- Summary: The sixth album for the British rock band features bassist Chris Wolstenholme on lead vocals for two tracks he wrote.
- Record Label: Warner Bros.
- Genre(s): Alternative/Indie Rock, Alternative Pop/Rock, Neo-Prog
- More Details and Credits »
Oct 2, 2012The scale [on The 2nd Law] is such that you have to stand back in a kind of addled awe. Much in the same way that you might regard a 75ft-high luminous pink pissing ﬂamingo water feature; you have to admire the size of the ambition and the craftsmanship, even if it's not something you'd necessarily want at your own house.
Oct 11, 2012I wouldn't call myself a Muse fan. I used to love Origin of Symmetry, but found the albums since then to be quite boring. For some unknown reason I became caught up in the hype around 2nd Law, after watching the preview video a few times, and wondering how Muse were going to fuse dubstep with their guitar-based band.
The album is very disjointed - no two songs seem to sit quite comfortably together in the way an album might be expected. But strangely it works, in much the same way as Queen's Night at the Opera, to which this album owes a lot. However, I haven't been able to get the songs out of my head all week - surely a sign of a great album? Having a listen seems to be the only cure, albeit only for a few hours.
Rather than simply sounding like a Radiohead tribute as they did 11 years ago, Muse now display a wide variety of influences. Queen, David Bowie, ELO, and U2 all crop up here. The song Big Freeze could very easily be made by U2. Survival might as well be an ELO song.
One stand out song is Panic Station, which should join the ranks of Junior Senior's Move Your Feet as a surprise club hit, with its strong beat and brilliant writing.
The band here have evolved, with Matt Bellamy's voice matured almost beyond recognition since Origin. No more screeching falsetto all the time (although it's not completely absent). There is a distinct lack of guitar work here too, with a lot of synths providing the background to his moving vocal work. Clearly Muse are not afraid to experiment in order to move their sound forward.
The only weak point, somewhat ironically, are the final two songs titled The 2nd Law: Unsustainable and The 2nd Law: Isolated System. They lack the power and finesse of the rest of the album.
All in all this is a fantastic collection of songs, and gets better with each listen. I haven't listened to an album in such depth in about 15 years, so I'm sure you can understand my excitement with it.… Expand
Oct 3, 2012While i am more of a rap/hip hop lover, The Resistance was one of my favourite albums when it came out and I would even argue it could be considered "classic". I had very high hopes for this album and while I admit the first couple of listens scared me (as I was expecting the 2nd coming of god), in the end this is an excellent album that grows with each listen and I tip my hat off to Muse. Well done chaps!… Expand
Feb 7, 2013As a collection of songs The 2nd Law might be impressive. However, when taken in context of an album the entire things feels disjointed and there is little to no flow. It is also let down by a few weak tracks. That being said the album does offer some very fantastic tracks from many different genres. From the progressive rock song Supremacy to the pop song Madness and then the funk inspired song Panic Station, Muse are firing on all cylinders. They have a good mix of new influences (dubstep, electropop, funk) and a bit of their old rockier/classical side which comes through on a few tracks as well. No Muse's best album but also not their worst.… Expand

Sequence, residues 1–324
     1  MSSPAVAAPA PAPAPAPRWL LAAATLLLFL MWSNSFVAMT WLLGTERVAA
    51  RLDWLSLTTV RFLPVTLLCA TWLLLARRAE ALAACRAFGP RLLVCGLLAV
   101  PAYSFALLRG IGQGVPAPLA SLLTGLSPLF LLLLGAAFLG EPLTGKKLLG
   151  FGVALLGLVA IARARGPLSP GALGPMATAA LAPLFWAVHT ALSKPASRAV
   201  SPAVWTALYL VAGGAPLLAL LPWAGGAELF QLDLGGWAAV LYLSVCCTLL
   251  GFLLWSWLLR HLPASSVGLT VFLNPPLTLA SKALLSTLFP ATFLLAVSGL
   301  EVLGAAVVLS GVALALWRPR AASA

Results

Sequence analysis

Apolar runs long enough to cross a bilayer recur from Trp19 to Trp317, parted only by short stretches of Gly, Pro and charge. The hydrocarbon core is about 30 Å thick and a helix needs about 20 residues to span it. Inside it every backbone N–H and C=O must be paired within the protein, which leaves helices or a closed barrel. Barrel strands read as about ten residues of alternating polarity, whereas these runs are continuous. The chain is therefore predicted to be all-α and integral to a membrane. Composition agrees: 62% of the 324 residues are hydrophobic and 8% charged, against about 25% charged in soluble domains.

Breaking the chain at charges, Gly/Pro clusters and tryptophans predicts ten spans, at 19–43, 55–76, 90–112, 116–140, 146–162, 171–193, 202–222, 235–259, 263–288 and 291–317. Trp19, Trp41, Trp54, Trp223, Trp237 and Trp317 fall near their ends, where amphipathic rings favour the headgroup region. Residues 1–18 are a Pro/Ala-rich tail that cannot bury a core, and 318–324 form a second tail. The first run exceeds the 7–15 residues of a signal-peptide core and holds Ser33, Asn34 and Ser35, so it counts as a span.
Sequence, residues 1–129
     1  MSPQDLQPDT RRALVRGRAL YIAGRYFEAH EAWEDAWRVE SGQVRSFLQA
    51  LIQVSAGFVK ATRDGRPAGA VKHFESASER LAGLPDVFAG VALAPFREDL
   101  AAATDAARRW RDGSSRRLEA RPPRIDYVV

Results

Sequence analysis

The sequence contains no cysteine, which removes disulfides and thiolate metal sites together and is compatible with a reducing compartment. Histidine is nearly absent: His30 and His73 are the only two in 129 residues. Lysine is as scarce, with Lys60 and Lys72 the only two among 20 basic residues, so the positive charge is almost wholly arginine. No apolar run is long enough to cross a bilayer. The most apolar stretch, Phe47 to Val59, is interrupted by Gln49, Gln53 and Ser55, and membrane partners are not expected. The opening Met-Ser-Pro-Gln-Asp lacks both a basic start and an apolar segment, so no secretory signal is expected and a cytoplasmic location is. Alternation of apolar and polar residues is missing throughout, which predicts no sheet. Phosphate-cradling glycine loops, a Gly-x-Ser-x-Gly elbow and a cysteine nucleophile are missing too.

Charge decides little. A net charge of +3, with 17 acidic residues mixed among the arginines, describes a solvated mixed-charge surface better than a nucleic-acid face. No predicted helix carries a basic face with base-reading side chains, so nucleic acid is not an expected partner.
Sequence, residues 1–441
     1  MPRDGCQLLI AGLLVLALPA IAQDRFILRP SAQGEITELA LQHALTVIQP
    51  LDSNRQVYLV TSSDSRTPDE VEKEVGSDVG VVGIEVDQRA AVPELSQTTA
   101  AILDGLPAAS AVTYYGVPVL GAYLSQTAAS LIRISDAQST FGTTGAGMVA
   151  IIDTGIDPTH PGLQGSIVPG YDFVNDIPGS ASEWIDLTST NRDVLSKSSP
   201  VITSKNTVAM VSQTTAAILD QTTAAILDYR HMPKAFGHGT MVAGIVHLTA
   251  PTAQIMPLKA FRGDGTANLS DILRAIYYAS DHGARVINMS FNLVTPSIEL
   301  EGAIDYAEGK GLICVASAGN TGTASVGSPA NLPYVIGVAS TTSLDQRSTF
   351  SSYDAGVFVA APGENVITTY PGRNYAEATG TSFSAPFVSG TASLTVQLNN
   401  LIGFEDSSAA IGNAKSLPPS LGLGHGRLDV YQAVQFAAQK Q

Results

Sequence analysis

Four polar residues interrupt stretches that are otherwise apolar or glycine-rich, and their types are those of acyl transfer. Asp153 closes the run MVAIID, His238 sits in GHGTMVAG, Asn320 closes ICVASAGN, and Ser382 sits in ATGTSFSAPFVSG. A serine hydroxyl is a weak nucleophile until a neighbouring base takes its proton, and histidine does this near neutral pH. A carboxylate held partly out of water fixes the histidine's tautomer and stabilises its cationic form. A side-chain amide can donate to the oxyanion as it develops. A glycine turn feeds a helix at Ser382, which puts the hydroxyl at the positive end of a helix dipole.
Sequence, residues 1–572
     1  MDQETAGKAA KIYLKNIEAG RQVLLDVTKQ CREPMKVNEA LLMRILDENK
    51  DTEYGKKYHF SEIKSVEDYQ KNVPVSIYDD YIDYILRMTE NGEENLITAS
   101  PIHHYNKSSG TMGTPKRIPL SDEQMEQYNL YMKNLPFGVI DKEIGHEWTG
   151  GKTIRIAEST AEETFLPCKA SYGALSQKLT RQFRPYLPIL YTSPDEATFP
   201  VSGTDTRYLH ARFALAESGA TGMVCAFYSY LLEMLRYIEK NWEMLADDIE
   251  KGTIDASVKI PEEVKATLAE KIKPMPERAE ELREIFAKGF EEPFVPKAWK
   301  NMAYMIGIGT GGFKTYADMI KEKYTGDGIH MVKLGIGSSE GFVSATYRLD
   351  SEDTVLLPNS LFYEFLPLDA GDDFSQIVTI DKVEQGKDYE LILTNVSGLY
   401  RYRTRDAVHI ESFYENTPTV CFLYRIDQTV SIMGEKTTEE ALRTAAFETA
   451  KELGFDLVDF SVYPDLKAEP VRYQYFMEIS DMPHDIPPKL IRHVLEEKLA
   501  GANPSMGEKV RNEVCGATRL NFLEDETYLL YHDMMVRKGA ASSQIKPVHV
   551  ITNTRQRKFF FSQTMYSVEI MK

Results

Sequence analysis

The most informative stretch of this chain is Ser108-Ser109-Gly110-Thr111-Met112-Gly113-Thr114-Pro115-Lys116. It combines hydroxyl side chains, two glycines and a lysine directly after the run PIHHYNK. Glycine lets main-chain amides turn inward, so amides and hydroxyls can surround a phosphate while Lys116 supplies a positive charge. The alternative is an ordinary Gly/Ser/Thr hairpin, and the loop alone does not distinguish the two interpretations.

Dec 17, 2012As much as I love Muse and their efforts to mix up their sound, their attempt this time round is not a very good one, with songs ranging from absurdly good to laughably bad. Examples of the good are Supremacy, Madness, Panic Station and Follow Me, while the laughably bad includes Animals, Save Me and Liquid State. It's not a bad album, but an incredibly inconsistant album, which is not what you'd come to expect from Muse.… Expand
Oct 3, 2012I honestly don't entirely know what to think about this album. For the most part it just doesn't sound like Muse. I've read several reviews from people stating that their lack of traditional Muse trappings is due to the evolution of the bands sound but in reality it's not that they've evolved and more that they seem to have run out of original ideas. I really want to love it but this album is completely disjointed and sounds more like a tribute album to the '80's greatest pop and rock music with some dub step thrown in for good measure. On their own each song ranges from acceptable to great ( with the exceptions of "Liquid State" and "The 2nd Law-Unsustainable"), but many of these songs don't sound like Muse at all. That wouldn't be a problem and could be attributed to the progression of their musical style, except that those songs sound nearly identical to songs written and performed by existing bands, especially "Big Freeze" which sounds exactly like U2 with Matt Bellamy as the front man. All in all this isn't a bad album but it isn't a good one either and I feel like the least they could have done would have been to market this as a kick ass tribute to '80's rock instead of a Muse album.… Expand
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